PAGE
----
There exists, too, a missional opportunity. Secondly, a missional opportunity exists. Many times, families are seeking community and connection with others in the same life space. Churches are well positioned to reach this need through their existing services and, with some intentionality, specialised engagement with families in the FTD. It must be recognized, too, that there exists a justice issue. Thirdly, it must be recognised, that a justice issue exists. Every child everywhere needs nurturing, responsive care and the building blocks to thrive. Due to the past and current reality of South Africa, more than half the children born in our province will not receive the adequate care in order to reach their God-given potential. Cycles of poverty continue from one generation to the next, grieving the heart of God. Churches that have resources, social capital and connection can be participants in serving the most vulnerable, bringing new opportunities for support and growth.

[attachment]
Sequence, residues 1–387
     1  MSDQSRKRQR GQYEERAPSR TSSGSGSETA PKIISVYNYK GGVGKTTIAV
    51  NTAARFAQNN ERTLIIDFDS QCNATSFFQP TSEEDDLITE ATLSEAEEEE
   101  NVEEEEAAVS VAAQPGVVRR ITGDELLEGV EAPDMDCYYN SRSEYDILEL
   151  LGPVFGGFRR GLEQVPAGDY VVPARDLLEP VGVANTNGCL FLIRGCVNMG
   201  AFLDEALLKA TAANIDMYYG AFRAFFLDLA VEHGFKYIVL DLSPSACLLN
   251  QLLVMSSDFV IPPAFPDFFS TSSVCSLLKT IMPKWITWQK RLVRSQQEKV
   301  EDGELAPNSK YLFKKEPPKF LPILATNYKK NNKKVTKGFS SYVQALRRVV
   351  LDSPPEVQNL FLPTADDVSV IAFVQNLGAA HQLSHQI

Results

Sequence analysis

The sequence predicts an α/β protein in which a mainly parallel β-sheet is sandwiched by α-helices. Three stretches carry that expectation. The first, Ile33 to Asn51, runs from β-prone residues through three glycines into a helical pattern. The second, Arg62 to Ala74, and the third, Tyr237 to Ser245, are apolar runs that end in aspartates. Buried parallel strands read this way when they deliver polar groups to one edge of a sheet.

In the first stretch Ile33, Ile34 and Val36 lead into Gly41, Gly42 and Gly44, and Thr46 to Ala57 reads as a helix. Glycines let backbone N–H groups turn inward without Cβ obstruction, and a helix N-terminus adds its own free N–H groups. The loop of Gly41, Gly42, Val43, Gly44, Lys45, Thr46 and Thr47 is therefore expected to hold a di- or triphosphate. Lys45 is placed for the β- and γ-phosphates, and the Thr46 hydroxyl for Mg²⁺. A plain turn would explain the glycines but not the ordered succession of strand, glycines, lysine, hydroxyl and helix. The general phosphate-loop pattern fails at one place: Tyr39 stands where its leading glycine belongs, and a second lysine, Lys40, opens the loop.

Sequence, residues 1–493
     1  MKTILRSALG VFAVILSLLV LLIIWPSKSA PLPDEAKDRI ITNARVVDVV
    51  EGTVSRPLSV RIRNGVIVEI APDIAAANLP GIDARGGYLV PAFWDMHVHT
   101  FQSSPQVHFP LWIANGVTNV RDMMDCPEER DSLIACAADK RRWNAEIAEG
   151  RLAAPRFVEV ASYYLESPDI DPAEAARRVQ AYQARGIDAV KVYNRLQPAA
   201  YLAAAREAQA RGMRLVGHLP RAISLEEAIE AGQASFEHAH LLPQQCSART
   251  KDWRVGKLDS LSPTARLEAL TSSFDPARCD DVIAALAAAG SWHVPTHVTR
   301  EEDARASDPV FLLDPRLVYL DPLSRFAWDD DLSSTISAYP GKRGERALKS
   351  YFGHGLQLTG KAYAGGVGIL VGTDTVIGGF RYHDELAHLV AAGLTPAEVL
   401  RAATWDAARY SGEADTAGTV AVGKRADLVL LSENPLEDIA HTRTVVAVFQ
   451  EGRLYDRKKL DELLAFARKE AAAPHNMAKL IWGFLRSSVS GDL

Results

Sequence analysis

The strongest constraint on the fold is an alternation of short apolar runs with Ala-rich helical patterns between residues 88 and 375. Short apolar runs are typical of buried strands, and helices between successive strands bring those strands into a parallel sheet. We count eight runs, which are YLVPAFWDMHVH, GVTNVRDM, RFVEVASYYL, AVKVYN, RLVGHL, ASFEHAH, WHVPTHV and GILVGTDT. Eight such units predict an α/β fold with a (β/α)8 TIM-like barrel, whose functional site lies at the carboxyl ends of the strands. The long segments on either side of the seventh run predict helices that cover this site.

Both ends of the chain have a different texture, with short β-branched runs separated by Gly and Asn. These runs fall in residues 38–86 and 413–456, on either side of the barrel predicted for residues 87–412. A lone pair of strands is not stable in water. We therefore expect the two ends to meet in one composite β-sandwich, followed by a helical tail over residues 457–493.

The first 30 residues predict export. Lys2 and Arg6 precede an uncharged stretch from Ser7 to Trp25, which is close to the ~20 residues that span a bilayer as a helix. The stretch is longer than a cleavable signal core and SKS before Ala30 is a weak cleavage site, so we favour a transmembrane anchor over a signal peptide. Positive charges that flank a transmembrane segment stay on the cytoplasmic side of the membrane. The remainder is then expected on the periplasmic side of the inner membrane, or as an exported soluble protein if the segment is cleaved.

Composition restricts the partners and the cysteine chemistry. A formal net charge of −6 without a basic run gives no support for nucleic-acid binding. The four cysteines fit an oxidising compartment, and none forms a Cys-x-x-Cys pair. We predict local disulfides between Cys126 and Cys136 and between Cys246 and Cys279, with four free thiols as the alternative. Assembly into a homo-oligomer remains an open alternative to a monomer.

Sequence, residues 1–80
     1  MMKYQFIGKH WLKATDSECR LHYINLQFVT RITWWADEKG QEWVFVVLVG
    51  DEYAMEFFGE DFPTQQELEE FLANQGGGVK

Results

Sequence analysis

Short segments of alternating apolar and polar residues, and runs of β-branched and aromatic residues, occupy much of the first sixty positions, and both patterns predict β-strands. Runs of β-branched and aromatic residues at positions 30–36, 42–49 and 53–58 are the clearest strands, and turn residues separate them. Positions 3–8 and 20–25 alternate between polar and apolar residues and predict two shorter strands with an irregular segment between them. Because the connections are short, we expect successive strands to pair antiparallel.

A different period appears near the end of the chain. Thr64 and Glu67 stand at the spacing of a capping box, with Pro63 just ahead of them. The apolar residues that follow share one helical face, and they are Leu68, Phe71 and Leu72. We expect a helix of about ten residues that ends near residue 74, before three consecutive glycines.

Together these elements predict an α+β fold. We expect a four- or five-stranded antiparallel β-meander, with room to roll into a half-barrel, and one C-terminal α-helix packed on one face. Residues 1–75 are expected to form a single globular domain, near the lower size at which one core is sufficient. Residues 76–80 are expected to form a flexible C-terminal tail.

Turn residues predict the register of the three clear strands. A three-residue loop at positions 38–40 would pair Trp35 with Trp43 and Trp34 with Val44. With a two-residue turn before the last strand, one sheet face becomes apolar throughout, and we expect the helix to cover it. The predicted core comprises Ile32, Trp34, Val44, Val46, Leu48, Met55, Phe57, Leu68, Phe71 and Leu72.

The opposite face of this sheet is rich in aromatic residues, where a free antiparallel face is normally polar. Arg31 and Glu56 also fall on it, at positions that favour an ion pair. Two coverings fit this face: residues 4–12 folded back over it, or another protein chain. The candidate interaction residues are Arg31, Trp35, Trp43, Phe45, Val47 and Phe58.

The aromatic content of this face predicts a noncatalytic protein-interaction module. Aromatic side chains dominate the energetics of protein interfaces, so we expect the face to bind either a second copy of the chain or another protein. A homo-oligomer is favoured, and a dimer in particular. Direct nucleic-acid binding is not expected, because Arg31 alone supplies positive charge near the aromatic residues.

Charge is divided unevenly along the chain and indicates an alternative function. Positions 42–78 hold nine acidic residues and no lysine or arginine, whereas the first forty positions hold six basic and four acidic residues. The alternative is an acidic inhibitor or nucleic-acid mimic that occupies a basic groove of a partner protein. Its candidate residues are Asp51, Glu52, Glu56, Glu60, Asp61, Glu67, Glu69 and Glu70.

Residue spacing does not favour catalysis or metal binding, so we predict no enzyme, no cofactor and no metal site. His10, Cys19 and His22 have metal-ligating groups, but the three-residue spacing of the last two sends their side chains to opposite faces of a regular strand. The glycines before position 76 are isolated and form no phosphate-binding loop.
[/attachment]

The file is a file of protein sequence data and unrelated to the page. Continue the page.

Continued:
The church is ideally suited to be a significant player in this space. There are things that every church has and does that can be directed at connecting and supporting families in this season of life. With more intentionality and focus, the local church can be a powerful community of transformation for families in the First Thousand Days. There are many assets and strengths that the church has. Three of these are: a Voice, Community and Mobilisation.